menu

Increase Your Capacity for Meaningful Connection...Sans Social Media

The following blog is by Jennifer Wall.

Quote.jpgElectronic communication can be pretty self-absorbed: What am I doing. Where am I right now. And who am I here with. But I am not here to disparage the limitations of status updates, 140 characters or the decline of spelling. They have their place and use…and limitations.

The definition of communication is broad and includes the act of transmitting information electronically, but I prefer the late 14c definition of communication: join, unite, participate in. Re-tweeting doesn’t count. Liking doesn’t cut it either. It’s just fun. Connection happens when you talk with me, not at me. 

Let’s assume you know your communication goal: a project champion, get buy-in, fix a problem, etc. Each goal might require a different strategy, but it’s through meaningful conversations that we create connection that begets real progress in our work.

How do you increase your capacity for a meaningful connection at the workplace? Be all of these: Authentic. Purposeful. Articulate. Careful. Respectful. And more...

Who are you talking to?

Before talking to someone for the first time, I tend to checkout their cube (whenever possible). Creepy? Not really. It gives me a window to what’s important to them and the basis to ask some standard questions. When asked genuinely, you begin an interesting conversation that nurtures a relationship. Start with family pictures, jewelry or the knitting bag by their desk.

Caution: Avoid the temptation to group types to simplify approaches. Not only am I more than my age, title, religion or organization, I am deeper than my StrengthFinders themes (for the record: Communication, Context, Intellection, Maximizer and Relator). This and other methods can help fill out a picture, but can also distract from what makes each of us unique.

What are their triggers?

My trigger is integrity. I was once asked on an interview what was my weakness. I told the interviewer that I needed to work on my response when I felt integrity had been compromised. Instead of losing trust in that person, I needed to reconnect and get to the root of the issue. I understood what my approach needed to be because I understood my trigger.

When you fully listen to others, you will get the clues about their triggers, but more importantly you’ll learn how to respond or approach them when triggered.

It’s not about you...

It doesn’t matter how bad my day is going. I open most conversations at work with, “What can I do for you?”

Not everyone uses this modus operandi. Some folks bring their bad day to work and want to “share” it with you. Don’t be one of those people (it’ll hurt your career more than you think). Put your issues on the shelf and connect later with the individuals involved with that issue, but not your co-worker (unless they’re the issue) who needs help meeting a deadline. And when faced with one of those people, ask if there is anything you can do to help.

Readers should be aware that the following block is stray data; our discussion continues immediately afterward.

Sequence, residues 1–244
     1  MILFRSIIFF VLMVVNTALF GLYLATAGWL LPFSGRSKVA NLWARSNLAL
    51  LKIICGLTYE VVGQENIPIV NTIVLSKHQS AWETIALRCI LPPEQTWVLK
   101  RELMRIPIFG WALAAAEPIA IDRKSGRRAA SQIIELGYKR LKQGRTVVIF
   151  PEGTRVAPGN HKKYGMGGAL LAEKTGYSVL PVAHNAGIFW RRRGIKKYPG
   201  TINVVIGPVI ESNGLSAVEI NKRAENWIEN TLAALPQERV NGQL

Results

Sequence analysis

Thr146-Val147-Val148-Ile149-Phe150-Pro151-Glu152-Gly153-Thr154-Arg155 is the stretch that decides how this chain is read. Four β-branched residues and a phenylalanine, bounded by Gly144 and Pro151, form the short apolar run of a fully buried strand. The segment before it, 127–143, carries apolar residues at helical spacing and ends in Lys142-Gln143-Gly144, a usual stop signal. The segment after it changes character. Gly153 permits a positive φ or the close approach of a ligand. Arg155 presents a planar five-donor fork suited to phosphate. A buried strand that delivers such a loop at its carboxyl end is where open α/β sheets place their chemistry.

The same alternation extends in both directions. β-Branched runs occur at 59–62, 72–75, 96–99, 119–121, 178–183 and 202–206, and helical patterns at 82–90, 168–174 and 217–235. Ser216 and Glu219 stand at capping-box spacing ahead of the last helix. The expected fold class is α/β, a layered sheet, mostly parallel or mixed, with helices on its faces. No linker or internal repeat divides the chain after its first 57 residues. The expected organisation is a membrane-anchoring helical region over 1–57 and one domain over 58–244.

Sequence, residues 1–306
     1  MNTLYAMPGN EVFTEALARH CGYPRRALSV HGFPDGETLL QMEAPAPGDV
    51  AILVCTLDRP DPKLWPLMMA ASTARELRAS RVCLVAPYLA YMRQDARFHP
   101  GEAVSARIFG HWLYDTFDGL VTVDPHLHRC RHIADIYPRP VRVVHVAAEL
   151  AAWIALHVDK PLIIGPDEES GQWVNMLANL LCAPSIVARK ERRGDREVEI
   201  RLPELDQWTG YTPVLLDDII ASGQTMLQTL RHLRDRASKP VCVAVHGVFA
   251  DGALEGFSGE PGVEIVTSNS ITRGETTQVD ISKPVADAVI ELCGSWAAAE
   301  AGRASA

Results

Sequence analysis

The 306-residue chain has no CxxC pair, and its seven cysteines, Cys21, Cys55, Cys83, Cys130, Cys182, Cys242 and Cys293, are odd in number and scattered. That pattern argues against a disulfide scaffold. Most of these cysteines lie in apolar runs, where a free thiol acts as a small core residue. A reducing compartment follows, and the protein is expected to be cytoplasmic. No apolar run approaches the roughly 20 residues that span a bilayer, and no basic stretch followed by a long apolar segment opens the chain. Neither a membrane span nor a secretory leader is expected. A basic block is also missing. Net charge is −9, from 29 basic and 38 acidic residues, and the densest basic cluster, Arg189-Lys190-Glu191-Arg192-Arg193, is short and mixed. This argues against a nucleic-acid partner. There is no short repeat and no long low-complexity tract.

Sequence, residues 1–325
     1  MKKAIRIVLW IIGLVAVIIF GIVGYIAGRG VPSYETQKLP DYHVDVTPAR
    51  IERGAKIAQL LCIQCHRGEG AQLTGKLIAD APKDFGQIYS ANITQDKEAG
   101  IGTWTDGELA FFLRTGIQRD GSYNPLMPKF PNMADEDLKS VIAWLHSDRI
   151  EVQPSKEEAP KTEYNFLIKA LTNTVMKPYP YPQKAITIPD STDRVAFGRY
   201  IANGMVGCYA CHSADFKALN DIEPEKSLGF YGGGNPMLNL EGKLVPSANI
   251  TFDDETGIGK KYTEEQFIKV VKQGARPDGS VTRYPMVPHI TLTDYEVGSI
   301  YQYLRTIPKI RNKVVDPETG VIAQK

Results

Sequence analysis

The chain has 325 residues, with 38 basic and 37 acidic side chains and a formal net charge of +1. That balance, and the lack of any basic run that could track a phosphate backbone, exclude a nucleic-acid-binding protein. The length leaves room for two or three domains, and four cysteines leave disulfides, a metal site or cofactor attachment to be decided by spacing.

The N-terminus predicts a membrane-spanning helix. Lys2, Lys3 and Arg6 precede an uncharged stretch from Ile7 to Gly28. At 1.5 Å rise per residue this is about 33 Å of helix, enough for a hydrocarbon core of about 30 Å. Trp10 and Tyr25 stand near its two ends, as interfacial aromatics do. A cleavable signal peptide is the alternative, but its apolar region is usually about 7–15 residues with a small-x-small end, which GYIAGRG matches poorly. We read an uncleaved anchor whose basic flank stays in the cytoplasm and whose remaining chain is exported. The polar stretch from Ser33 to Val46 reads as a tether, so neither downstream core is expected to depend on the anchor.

…and it is about You

Building a relationship is as much about tearing down barriers as it is about putting a few of them up. We call them boundaries. Boundaries can be used in situations where you need to redirect an angry co-worker, gracefully accept responsibility (and disarm your co-worker) when needed, or they can be more subtle.

Recently, I had a conversation I thought was going well. He was sharing about his beloved rescue dog, so I mentioned mine. His voice flattened and he looked away. I immediately asked him something about his dog and he lit back up. I learned he didn’t need to connect with me to have a successful conversation. I put up my boundaries, met him where he was at and didn’t take his disinterest personally.

You will be more successful in your job if you can meet people where they’re at. They may come a bit further to meet you next time. And if not, you know exactly how much energy to put into your efforts with them in the future.

If this scares you to death…

For those of us with introvert tendencies, making these kinds of connections can be painful. Introversion can be a lot about how we fear others will perceive us. Meaningful communication requires putting that fear away—leveling those boundaries.

I’ve just skimmed the surface here. Each one of these asides could be their own blog topic. If you have specific questions, let me know here. Better yet, share how you’ve successfully connected with someone to achieve a goal.

photo credit


Be the first to comment

Please check your e-mail for a link to activate your account.

get in touch

We'd love to hear from you! Email us or reach out to us on social media.

info@ynpntwincities.org

about us

Our mission, vision and values guide all that we do at the Young Nonprofit Professionals Network of the Twin Cities (YNPN-TC).

learn more

© 2006 - 2015 Young Nonprofit Professionals Network of the Twin Cities

Web Development: Metre

Photo Credit Marie Ketring (Unless Otherwise Specified)
Created with: NationBuilder